Getting the non-CO2 greenhouse gases right

There are many important greenhouse gases besides CO2: in fact they account for about 20% of total greenhouse gas emissions in the EU. The IIASA Air Quality and Greenhouse Gases Program has developed new methods to investigate the three most important—methane, fluorinated gases, and nitrous oxide—determining how much is released, how to reduce their emissions, and what the costs of this will be.

Gas flares are used in oil production to burn off waste gas but occasionally they fail to burn, releasing methane—a greenhouse gas about 30 times more potent than CO2. These releases have long been underestimated in national emission inventories because no one has attempted to systematically monitor the volumes of gas that escape during this ‘cold venting.’

To address this, an IIASA study brought together all available information on the handling of gases released through oil production for around a hundred countries. The team used this to derive global estimates of the volumes of gas flared and vented that are consistent both with country-specific flaring volumes estimated from satellite images, and total generation and recovery of gas taken from energy statistics. Only in Canada have direct measurements of venting been taken, and these patterns were therefore used for all countries. The results demonstrated that methane emissions where much higher than previously estimated [1].

The study also examined ethane, which is a better tracker for these emissions than methane, because it does not last long in the atmosphere, and oil and gas production is its dominant source. Ethane emissions estimated using the improved method correspond remarkably well to top-down atmospheric measurements, explaining much of the existing divergence between bottom-up and top-down estimates [2].

Global oil and gas systems are estimated to have released about 3 metric gigatons of methane over the study period 1980-2012, which will cause the same amount of global warming as about 100 billion metric tons of CO2 over 100 years. For the earlier years, this means more than double the corresponding methane emissions estimated by the US Environmental Protection Agency and Electronic Data Gathering, Analysis and Retrieval databases.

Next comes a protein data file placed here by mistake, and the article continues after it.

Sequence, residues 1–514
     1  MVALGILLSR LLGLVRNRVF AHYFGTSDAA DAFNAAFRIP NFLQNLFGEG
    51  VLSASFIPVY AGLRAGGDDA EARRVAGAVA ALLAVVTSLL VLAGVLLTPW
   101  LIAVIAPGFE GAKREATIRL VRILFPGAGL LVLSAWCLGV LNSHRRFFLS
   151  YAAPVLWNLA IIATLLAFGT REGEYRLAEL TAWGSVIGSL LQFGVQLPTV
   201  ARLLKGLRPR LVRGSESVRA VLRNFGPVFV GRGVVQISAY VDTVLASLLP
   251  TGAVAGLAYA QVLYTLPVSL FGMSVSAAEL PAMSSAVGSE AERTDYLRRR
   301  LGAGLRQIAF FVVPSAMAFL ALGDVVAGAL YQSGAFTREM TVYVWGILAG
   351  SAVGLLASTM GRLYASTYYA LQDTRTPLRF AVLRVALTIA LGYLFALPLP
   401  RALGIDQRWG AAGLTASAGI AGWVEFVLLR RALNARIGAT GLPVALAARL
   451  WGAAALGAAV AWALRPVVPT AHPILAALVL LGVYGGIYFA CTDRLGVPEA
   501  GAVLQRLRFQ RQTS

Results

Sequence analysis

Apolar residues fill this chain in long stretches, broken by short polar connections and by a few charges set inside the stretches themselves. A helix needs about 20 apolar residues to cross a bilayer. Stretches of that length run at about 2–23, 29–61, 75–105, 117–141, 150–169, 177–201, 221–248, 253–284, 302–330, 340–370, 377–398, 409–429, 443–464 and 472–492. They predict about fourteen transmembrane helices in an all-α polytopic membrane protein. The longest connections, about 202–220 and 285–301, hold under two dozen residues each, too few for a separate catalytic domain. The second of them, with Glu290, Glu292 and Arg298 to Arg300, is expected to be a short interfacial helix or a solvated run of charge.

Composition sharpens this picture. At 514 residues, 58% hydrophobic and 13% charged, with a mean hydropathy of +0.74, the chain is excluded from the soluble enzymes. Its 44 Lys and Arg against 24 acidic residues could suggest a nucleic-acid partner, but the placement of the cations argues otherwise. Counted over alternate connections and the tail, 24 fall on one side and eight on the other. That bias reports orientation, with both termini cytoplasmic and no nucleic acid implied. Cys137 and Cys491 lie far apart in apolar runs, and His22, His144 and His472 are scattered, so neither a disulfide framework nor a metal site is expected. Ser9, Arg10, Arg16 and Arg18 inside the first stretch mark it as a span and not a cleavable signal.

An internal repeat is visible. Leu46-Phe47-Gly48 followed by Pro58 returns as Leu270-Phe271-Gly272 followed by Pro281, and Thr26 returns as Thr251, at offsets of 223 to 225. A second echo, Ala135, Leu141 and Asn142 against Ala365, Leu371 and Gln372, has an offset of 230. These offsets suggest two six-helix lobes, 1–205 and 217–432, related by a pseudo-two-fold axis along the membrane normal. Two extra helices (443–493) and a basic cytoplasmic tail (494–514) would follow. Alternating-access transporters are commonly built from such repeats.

Fluorinated gases, commonly used as cooling agents in refrigerators and air conditioners, also have a strong greenhouse effect. They have come under increasingly stringent regulations, including the Kigali Agreement, which was signed by 170 countries in 2016. To estimate the current and future releases of fluorinated gases under the new rules, IIASA researchers developed a tool in the Greenhouse Gas – Air Pollution Interactions and Synergies model.

The tool can also be used to estimate the costs for complying with the agreement from 2016 to the phase-out of these gases in 2050 [3].

Methane emissions from global oil and gas systems when using new estimation methodology and in comparison to existing bottom-up inventories from US Environmental Protection Agency and Electronic Data Gathering, Analysis and Retrieval.

The third most important greenhouse gas is nitrous oxide, but it is often ignored in climate mitigation measures. Its main anthropogenic source is agriculture, and by analyzing global emissions of the gas from atmospheric concentration measurements, IIASA researchers concluded that under standard agricultural practice biofuel production will typically cause more greenhouse gas emissions in the form of nitrous oxide than it will save on fossil fuel CO2 emissions [4]. Although they are not adequately enforced, laws for the regulation of this potent greenhouse gas do exist. For instance, IIASA research found that the US Clean Air Act provides considerable authority to reduce national nitrous oxide emissions, even though it was designed to address its ozone depleting, rather than global warming, properties [5].



[1] Höglund Isaksson L (2017). Bottom-up simulations of methane and ethane emissions from global oil and gas systems 1980 to 2012. Environmental Research Letters 12 (2): e024007.

[2] Saunois M, Bousquet P, Poulter B, Peregon A, Ciais P, Canadell JG, Dlugokencky EJ, Etiope G, et al. (2016). The Global Methane Budget: 2000-2012Earth System Science Data Discussions 8 (2): 697-751.

[3] Purohit P & Höglund Isaksson L (2016). Global emissions of fluorinated greenhouse gases 2005-2050 with abatement potentials and costs. Atmospheric Chemistry and Physics 17: 2795-2816.

[4] Crutzen PJ, Mosier AR, Smith KA, & Winiwarter W (2016). N2O Release from agro-biofuel production negates global warming reduction by replacing fossil fuels. In: Paul J. Crutzen: A Pioneer on Atmospheric Chemistry and Climate Change in the Anthropocene. SpringerBriefs on Pioneers in Science and Practice, 50 . pp. 227-238 Glan, Switzerland: Springer International Publishing. ISBN 978-3-319-27460-7 DOI:10.1007/978-3-319-27460-7_12.

[5] Kanter DR, Wentz JA, Galloway JN, Moomaw WR, & Winiwarter W (2017). Managing a forgotten greenhouse gas under existing U.S. law: An interdisciplinary analysis. Environmental Science & Policy 67: 44-51. DOI:10.1016/j.envsci.2016.11.003.